What shook the market most, observers say, was the reduction in forecasted capital expenditure. In February, the company stated that it expected to spend between $5 billion and $5.5 billion in 2002, down from the $7.9 billion it spent in 2001. But in its revised estimate, the company said it was cutting capex further to only $4.5 billion for 2002. Light Reading published rumors earlier this month that WorldCom was planning to slash its capex once more (see WorldCom to Cut Capex?).
"The capex budget is an easy place to go right now to preserve cash," says Thomas Weisel Partners analyst Peter DeCaprio. However, he continues, "the announcement was probably surprising with regards to cash flow reduction. That has shocked and frightened a lot of people."
WorldCom wouldn’t comment today on how the cuts to capex, as well as the reduced revenues and EBITDA, would affect the company’s balance sheet or its continued operations. "We’re announcing first-quarter earnings on Thursday," a spokesperson for the company said, "and we will be elaborating on the company’s performance then."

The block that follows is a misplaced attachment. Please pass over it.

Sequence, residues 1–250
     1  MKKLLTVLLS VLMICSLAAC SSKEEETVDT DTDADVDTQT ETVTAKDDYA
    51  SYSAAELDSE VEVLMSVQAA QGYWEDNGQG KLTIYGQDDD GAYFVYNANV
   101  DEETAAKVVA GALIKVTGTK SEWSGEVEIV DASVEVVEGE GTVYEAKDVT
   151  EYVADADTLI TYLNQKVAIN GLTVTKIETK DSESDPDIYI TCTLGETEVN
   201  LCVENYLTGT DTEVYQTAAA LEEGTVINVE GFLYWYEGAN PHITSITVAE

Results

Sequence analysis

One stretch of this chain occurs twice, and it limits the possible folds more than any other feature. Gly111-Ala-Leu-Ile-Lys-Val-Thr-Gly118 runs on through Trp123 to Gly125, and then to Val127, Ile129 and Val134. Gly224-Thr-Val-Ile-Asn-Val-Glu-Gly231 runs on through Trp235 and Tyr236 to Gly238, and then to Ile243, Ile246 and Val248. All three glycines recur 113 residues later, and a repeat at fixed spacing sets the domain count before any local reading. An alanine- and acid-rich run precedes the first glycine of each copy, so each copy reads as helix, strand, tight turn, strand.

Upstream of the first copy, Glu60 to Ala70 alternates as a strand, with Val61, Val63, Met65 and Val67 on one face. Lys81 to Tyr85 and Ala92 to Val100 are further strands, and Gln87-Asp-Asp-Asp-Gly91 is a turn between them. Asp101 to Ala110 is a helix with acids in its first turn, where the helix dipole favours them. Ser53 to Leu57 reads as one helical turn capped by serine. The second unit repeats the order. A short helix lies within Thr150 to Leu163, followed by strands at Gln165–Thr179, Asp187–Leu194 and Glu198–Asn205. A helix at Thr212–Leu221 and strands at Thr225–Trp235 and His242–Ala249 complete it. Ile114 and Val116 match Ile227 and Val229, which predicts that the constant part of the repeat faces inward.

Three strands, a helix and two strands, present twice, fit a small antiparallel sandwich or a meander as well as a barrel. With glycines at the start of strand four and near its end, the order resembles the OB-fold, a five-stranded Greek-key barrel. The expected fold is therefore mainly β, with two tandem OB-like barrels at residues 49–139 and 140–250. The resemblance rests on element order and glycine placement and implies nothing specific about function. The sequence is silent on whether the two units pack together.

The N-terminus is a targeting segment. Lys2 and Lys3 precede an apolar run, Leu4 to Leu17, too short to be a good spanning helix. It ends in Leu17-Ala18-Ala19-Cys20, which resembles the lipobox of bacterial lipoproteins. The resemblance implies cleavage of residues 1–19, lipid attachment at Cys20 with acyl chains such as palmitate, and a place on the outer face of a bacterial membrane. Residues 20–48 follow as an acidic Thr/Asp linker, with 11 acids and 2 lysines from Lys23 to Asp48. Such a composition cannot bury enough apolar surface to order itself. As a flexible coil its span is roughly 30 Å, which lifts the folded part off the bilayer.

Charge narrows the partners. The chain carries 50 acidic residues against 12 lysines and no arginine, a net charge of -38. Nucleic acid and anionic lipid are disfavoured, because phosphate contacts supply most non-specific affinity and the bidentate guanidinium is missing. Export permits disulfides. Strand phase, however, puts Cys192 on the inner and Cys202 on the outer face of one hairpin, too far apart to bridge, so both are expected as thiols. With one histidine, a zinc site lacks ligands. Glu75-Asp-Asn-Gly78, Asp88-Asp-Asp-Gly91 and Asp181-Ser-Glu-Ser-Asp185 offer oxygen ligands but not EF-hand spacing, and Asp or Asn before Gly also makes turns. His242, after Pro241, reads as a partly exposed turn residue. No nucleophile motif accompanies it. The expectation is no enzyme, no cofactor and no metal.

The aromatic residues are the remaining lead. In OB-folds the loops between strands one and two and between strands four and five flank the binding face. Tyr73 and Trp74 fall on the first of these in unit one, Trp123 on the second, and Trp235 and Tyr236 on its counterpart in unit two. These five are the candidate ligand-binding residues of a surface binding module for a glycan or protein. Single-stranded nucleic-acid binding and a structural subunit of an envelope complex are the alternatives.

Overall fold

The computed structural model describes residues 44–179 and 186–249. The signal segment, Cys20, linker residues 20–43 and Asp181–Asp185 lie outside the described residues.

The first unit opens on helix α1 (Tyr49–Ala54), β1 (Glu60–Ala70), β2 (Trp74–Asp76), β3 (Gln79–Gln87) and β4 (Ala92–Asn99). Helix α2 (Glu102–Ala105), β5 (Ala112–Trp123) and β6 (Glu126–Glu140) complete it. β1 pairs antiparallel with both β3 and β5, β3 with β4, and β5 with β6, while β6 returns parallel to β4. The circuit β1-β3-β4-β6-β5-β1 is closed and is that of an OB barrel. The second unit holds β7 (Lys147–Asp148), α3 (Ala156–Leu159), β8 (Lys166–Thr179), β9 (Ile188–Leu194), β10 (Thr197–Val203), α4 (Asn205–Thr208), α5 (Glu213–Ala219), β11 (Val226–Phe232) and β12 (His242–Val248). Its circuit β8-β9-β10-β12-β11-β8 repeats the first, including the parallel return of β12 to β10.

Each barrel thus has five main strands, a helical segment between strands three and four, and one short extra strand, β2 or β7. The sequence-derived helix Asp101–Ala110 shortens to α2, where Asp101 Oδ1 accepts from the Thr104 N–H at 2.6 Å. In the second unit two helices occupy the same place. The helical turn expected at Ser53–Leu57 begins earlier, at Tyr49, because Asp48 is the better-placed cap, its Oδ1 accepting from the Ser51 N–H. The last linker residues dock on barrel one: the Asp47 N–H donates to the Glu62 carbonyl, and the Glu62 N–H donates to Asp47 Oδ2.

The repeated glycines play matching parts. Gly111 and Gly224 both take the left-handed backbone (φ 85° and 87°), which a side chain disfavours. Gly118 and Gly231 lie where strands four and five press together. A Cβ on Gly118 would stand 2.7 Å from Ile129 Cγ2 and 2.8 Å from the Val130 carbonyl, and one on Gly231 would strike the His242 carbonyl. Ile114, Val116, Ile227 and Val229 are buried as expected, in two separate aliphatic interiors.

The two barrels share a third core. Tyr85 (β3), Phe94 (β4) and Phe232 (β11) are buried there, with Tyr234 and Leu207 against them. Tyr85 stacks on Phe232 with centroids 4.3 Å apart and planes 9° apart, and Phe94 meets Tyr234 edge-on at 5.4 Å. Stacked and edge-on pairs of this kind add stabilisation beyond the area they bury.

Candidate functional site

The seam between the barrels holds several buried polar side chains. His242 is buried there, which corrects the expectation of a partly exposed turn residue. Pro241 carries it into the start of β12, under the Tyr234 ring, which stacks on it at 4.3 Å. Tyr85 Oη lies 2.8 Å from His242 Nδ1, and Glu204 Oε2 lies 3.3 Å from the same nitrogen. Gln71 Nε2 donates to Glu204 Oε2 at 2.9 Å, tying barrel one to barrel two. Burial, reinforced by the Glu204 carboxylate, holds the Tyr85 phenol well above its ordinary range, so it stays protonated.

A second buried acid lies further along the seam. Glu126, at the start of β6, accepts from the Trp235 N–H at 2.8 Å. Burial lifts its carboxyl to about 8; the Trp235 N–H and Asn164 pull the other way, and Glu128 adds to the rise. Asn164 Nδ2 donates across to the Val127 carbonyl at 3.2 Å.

Light Reading's own paid research service, Optical Oracle, foreshadowed potential trouble for WorldCom in a report published last month. In that report, titled "Carrier Crisis Report," the big-ticket acquisitions of Digex and Intermedia were cited as a potential drag on earnings. WorldCom bought Intermedia in July 2001 for about $6 billion in stock and debt. The deal, which included a stake in Digex, was originally announced in 2000. WorldCom eventually divested its Intermedia holdings, but held onto Digex.
"The acquisitions of Intermedia and Digex are becoming a major drag on overall resources and profits," said Optical Oracle's March report. "Management is attempting to use cash earnings (reported EPS less goodwill amortization) in an effort, we believe, to deflect attention away from the dilutive impact of past acquisitions."